We live in the unfortunate era of the Me-Me-Me, I-I-I journalist. But is it OK to break out the first person from time to time? And, if so, when? And how?
My one friend, a 40-year columnist at the Toronto Star, always takes a dig at me when I've written in the first person. He cites that the piece of advice he got from the paper's legendary old-timer Milt Dunnell (who started back in the 1920s) was the never-EVER-use-the-first-person line. "Cardinal rule." That sort of thing. My retort is that a lot of things have changed since the Roaring 20s--what went in the paper then wouldn't stand up now and vice versa. Not that I'm against rules per se but I think the handiest one is a suggestion I make to writers I've coached and edited: You can deploy the first-person so long as you're not the most important person in the story. A supporting role rather than the lead. The reader can see everything from your POV which is immediate and involved as opposed to one from the sidelines. An example that I used was this profile of Martin Strel, a Slovenian who swam the length of the Mississippi (Minnesota to the Gulf of Mexico) as a tune-up to the Amazon. It's one thing to write about Martin from the boat but another to be swimming in his wake and if you give the readers that POV they're better for it. https://www.sportsnet.ca/more/martin-strel-distance-swimming-profile-big-read/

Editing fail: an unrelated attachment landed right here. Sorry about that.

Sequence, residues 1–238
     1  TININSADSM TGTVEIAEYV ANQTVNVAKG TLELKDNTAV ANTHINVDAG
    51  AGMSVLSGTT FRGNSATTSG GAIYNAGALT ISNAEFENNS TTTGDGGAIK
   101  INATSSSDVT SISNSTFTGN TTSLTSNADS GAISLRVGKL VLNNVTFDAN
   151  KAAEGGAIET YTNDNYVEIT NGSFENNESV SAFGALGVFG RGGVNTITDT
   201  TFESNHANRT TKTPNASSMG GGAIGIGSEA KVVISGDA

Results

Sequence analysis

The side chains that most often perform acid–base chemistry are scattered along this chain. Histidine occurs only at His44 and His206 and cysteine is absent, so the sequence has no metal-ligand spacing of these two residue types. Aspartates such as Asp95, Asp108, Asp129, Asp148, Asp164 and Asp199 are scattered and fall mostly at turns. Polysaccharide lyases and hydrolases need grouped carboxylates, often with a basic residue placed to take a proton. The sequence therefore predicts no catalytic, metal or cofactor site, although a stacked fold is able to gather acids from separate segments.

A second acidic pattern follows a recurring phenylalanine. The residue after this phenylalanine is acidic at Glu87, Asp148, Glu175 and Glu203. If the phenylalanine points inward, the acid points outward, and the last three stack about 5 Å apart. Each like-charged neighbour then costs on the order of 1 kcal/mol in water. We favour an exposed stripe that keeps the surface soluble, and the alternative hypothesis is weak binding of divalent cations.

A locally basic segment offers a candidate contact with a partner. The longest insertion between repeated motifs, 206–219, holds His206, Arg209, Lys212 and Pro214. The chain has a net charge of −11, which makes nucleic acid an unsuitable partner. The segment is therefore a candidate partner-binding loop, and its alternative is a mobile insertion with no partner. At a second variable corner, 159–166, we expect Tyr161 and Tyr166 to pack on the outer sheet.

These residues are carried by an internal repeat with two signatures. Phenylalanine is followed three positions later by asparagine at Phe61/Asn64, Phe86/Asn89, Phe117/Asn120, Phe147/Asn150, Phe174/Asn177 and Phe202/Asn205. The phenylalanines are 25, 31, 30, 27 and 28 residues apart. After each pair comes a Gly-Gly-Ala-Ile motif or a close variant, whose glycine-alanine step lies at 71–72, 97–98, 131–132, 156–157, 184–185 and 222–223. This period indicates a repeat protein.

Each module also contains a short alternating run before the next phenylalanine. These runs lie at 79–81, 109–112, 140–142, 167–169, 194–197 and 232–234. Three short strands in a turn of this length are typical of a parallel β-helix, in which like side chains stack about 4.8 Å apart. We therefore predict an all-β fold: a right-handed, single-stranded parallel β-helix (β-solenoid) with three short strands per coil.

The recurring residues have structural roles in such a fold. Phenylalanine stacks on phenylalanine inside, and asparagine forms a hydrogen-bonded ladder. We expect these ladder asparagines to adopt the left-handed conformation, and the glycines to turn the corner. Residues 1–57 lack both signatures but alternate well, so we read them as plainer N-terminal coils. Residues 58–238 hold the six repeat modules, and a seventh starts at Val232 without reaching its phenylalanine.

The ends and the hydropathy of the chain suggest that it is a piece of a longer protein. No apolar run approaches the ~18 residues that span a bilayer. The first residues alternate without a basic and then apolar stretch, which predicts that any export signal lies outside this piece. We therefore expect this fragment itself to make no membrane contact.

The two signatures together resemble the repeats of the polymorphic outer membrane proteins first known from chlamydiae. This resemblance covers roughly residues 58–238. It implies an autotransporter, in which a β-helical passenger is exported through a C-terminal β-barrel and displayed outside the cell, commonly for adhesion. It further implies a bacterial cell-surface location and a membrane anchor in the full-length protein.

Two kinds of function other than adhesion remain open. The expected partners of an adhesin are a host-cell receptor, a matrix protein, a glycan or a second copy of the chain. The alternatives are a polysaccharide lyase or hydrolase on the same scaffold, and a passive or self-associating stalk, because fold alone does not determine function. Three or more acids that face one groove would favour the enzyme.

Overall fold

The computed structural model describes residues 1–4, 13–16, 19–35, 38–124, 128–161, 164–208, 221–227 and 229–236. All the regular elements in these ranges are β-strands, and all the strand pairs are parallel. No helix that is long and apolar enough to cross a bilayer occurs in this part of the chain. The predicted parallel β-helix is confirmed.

always loved the line about sunrises
Love this Substack. I was hesitant to subscribe but I thought how much I really enjoy your podcast so I said what the hell and so far it’s been great. Question: what do you read? Books? Certain writers? Other journalists? Favorites? Thanks